COYOTES COMMITTED TO ARIZONA COMMUNITY
executives, coaches, players and broadcasters, and all money raised
from the events goes directly toward the foundation’s grant cycle,
which happens once a year. The foundation awards the grants to local
Arizona nonprofits that fall in its mission.
“We see this team as a community asset,” Cohen said. “This
community has given us an awful lot over the years and we view this
as our responsibility to give back and really expose a lot of people to
this great game of hockey.”
With regards to that exposure, the Coyotes have committed to
growing the sport of hockey within the community through their
Hockey Development Program. The goal of the program is to try to get
more people of all ages playing hockey and, to that end, the hockey
development team focuses heavily on making the game accessible
and fun for everyone.
For example, the Coyotes regularly donate street hockey equipment
to local schools and offer learn-to-play programs for boys and girls.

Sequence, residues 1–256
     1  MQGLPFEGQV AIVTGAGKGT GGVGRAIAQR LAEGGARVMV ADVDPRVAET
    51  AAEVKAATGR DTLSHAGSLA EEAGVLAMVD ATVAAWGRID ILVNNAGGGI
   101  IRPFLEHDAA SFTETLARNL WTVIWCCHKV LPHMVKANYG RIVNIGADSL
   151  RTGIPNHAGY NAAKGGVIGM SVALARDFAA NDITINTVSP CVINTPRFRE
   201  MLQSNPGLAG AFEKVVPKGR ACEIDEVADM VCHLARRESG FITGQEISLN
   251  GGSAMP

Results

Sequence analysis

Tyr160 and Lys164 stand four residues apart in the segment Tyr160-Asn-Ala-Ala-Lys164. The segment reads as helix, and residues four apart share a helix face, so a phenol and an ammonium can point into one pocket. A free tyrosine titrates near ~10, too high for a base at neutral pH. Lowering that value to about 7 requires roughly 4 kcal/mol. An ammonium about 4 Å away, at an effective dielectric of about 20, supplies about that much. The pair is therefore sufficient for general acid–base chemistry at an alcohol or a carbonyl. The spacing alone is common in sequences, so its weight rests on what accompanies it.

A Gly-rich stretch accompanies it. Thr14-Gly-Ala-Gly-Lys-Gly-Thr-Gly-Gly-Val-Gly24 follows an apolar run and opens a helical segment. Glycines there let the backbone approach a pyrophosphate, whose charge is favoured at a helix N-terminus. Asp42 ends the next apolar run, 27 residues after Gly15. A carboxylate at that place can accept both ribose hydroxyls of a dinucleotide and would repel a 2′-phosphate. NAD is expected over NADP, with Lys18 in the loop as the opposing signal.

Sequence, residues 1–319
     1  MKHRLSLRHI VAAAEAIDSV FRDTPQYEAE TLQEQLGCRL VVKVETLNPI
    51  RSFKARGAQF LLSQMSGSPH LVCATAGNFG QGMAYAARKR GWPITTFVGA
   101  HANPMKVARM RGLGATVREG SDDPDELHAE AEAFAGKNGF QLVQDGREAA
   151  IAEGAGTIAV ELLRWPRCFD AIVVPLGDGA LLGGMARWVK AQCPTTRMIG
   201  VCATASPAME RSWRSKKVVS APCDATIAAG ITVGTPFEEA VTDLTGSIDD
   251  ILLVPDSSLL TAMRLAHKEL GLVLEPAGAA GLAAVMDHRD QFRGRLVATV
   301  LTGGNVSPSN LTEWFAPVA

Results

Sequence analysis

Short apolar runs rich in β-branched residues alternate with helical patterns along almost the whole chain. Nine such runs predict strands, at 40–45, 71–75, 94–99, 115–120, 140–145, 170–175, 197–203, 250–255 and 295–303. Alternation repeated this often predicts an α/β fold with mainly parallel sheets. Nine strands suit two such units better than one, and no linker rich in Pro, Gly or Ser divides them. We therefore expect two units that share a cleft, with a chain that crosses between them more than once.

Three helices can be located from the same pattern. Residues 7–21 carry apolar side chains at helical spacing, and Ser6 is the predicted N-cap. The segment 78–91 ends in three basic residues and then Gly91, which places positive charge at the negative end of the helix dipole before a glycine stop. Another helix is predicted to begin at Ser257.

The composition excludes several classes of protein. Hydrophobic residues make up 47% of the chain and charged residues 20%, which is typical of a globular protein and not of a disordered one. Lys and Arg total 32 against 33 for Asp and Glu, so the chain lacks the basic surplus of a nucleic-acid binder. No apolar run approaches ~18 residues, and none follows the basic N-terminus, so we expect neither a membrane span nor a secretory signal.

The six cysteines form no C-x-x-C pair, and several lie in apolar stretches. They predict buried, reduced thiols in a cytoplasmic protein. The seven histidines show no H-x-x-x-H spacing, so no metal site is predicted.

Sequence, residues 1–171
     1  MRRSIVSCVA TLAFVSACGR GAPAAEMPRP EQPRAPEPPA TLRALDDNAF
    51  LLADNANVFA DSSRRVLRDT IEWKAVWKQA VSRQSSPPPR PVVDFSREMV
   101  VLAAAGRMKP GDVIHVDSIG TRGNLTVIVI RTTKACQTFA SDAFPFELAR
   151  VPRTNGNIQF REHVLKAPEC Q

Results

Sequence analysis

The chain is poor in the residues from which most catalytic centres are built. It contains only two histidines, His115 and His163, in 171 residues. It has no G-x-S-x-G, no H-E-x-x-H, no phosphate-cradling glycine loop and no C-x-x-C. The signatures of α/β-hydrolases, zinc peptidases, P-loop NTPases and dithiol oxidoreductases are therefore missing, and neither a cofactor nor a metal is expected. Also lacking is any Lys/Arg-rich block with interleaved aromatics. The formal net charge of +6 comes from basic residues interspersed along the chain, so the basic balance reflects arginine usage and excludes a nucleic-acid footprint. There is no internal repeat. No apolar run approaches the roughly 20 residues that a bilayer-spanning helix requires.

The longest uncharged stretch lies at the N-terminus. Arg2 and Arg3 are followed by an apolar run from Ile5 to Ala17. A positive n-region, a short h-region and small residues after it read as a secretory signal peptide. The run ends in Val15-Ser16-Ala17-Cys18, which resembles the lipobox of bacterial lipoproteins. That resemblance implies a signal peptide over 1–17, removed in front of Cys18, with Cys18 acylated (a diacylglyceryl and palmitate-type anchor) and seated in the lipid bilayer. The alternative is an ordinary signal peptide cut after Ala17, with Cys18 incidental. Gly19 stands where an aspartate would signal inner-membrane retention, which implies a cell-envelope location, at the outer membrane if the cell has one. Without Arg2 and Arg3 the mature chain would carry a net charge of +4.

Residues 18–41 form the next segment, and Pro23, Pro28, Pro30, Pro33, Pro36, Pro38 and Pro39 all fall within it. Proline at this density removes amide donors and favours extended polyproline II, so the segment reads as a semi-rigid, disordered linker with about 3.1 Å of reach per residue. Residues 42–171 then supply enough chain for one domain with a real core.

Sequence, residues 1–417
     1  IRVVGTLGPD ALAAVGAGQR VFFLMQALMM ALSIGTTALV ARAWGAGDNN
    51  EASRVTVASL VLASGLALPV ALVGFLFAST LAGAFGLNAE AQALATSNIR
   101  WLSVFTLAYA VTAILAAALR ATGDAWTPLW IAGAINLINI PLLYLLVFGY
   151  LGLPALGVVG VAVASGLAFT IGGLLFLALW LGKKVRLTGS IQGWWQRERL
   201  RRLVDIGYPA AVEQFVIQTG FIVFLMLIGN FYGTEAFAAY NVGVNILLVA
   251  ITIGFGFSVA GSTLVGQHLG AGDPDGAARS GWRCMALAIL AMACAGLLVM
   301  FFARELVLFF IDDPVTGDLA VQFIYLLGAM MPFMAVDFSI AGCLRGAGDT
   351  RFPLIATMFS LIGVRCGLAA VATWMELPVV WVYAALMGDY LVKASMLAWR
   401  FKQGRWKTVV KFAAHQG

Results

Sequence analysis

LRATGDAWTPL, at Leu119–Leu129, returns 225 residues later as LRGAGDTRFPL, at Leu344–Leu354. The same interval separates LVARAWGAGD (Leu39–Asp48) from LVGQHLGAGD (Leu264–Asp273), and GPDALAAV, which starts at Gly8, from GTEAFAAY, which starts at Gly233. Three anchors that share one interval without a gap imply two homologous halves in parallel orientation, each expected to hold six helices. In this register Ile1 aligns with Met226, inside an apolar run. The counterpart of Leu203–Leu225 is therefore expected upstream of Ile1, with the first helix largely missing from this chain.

Current and former players often help the hockey development crew
provide instruction. Former U.S. Olympian Lyndsey Fry has joined the
team as an ambassador and has helped create her own program, Small
Frys, which is specifically designed to teach hockey to young girls.
Furthermore, the Coyotes also have constructed multiple DEK hockey
rinks across the state to provide a place for people to play the game
and to really get a feel for the dimensions and subtleties of a hockey
rink. The rinks are located in Scottsdale, El Mirage, Tucson and at Luke
Air Force Base in Glendale.
The team’s commitment to its community goes beyond financial
donations and growing the game. There also is a valuable human
component to the mission that features player visits to local hospitals,
schools, and fire and police stations. Recently, staff members
volunteered at the Veteran’s Day Parade in Phoenix to show gratitude
and support for active and non-active military personnel.
In addition, players, coaches and other staff members sometimes
volunteer at local food banks and shelters, and at other times
help rebuild homes in disrepair and help build new playgrounds in
neighborhoods needing a place for children to gather and recreate.
It’s all part of the team’s master plan to be more than just the NHL
team that happens to plays its games in the area.
“We need to engage with our community and be committed to doing
the right thing for this community all of the time,” Cohen said. “Every
day we should wake up and ask ourselves how can we make this
community a better place? That has to be a critical priority for us and